What happens when…you go to a festival

Hello!

This is the tenth post in my ‘What happens when…’ series. This series is running every Wednesday on Inside Laura’s Head for as long as I have posts. The series will be written by me, and also by guest posters. Posts can be on anything as long as they fit the ‘What happens when…’ title. If you have an idea and would like to guest post on Inside Laura’s Head, you can  e-mail me at insidelaurashead@hotmail.com – all ideas are welcomed. Look out for more ‘What happens when…’ posts, and follow me on Bloglovin so you don’t miss any!

Meet this week’s Guest Poster!

Rhian


Rhian blogs at www.rhianwestbury.co.uk. She’s also on Twitter. Do head over and check her out-once you’ve read this post, of course!

What happens when… you go to a festival?

What happens when you go to a festival

This summer marks my eighth year of festival going which in itself is scary stuff. Over these years I have learnt quite a lot of things, and I still remember my first festival back in 2008 where I took way too much stuff, but was still underprepared.

Reading Festival on August bank holiday marks the end of summer camping festivals for me and with so many youngsters heading to this festival after collecting their GCSE and A Level results, but the likelihood is a lot of these first timers are unprepared for festivals.

You need to prepare yourself for being pushed, extensively searched as you enter the arena, being charged £2.50 for a bottle of water, not getting a good night’s’ sleep and sleeping in a pool of water if you opt for a pop up tent. But you should also prepare yourself to see some of your favourite bands, dance in a field with your friends, enjoy some sunshine (hopefully) and make some memories which will last you until the following year’s festival!

As you arrive…..

The likelihood is you won’t arrive the day the music starts so you’ll have time to spare and set up your camp. When choosing a camping space ensure you aren’t too close to toilets (they will smell over the weekend!), you aren’t at the bottom of a hill (if it rains you’re in for trouble) and try to camp near something recogniseable (a flag/ unusual tent etc so at night you can find your tent easier).

Once you’ve chosen a camping spot it’s time to put up your tent and begin your weekend of fun. This day before music tends to be when people drink far too much alcohol – because let’s face it there’s not too much else to do – but don’t go overboard. The last thing you want to do is wake up on the morning of the first day of music and feel so bad that you miss things!

Today is your day for relaxation as you’ll be on your feet for most of the days the music is playing so relax and enjoy the atmosphere, and hopefully the sunshine! But be prepared for campside chants, that drunk people who can’t find his tent and perfecting the toilet hover!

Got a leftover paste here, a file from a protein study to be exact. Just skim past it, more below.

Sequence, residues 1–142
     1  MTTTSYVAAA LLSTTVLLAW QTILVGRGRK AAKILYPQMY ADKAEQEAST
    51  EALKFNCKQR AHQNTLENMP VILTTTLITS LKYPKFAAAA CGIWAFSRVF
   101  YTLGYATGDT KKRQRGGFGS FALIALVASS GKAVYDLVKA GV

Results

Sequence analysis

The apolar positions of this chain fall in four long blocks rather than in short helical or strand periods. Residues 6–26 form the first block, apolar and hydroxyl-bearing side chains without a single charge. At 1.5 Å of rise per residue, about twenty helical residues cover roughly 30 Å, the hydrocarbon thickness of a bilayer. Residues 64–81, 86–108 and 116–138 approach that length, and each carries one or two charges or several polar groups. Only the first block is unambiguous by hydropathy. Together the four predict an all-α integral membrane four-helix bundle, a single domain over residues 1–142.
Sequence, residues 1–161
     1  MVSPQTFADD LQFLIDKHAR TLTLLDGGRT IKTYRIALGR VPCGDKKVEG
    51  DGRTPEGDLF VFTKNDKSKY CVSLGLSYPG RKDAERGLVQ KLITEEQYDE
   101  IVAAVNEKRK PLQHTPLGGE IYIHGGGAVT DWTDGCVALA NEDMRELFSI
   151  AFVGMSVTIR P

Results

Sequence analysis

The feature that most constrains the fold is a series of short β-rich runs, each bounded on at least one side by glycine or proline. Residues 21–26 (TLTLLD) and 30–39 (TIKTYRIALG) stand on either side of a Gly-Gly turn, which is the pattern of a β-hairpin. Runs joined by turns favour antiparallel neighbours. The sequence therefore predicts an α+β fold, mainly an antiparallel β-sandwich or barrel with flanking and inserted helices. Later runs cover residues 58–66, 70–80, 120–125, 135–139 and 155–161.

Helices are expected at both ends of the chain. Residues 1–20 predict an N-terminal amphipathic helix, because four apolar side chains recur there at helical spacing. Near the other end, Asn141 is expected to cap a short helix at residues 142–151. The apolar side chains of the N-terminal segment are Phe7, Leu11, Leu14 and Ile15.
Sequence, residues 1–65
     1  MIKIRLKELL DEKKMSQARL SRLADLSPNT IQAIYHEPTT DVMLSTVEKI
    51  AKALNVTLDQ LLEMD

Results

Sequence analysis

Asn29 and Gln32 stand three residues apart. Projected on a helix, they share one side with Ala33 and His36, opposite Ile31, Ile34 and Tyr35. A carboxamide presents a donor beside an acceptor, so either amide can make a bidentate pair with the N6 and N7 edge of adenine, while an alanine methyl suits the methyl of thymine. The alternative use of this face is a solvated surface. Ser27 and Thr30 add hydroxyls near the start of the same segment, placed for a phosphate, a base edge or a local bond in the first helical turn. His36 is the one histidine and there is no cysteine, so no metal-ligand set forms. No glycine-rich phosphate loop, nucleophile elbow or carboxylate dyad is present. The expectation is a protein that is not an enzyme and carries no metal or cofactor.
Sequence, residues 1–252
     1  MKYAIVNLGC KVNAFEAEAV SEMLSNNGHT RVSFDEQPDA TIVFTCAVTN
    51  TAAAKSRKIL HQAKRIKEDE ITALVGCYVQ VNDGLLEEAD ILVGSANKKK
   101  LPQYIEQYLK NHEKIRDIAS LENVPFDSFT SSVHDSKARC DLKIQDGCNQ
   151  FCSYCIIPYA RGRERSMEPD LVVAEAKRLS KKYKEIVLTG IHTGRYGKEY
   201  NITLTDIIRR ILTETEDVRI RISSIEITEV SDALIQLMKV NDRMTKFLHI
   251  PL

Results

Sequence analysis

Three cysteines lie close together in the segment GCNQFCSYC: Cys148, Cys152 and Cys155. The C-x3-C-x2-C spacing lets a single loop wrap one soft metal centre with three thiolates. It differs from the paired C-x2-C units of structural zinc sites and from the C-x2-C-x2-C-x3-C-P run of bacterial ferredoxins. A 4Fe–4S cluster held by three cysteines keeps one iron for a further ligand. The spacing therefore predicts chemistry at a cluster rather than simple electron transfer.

When the music begins….

When the days of music arrive this will be when it hits you quite how many people are there. When you’re camping you see who’s in your area but standing at a stage watching your favourite band you’ll notice the thousands of people. Always try to stick with friends, and if you do go your separate ways arrange a time and place to meet back up. I’d always suggest buying a portable phone charger so you can always contact people but remember texts sometimes take hours to send when there’s a lot of people!

You will be on your feet all day so make sure you wear comfortable shoes, and DO NOT opt for flip flops or sandals how ever sunny it is because your feet will get trampled on and they will ache!

As well as the music- which will usually be spread across a few stages- festivals provide you with a whole community. Check out the stalls selling clothing, jewellery and other festival trinkets, the official merchandise stand and the array of food stalls. Food and drink is more expensive at a festival than back home, but if you’re going to eat you’ll want to eat well.

When it’s time to go home….

After a few days of camping and seeing music you’ll likely be yearning for a shower and your own bed but you have one final hurdle to get through and that’s the final day of a festival. While some people tend to leave on the Sunday evening of a festival – something i’ve done for years!- when you do leave you have to make some difficult decisions. Do you take everything home with you?! I don’t like leaving things behind, but when you’ve got to get everything back to your car/ the coach/ the train really think hard about whether you’re going to need those few cans you didn’t drink, or those muddy plimsolls that will just go in the bin when you get home.

Well done you’ve survived a festival, and we’re sure you’ll be back for more!

Oh my god, this post really makes me want to go to a festival-it’s definitely on my bucket list!

Laura xx

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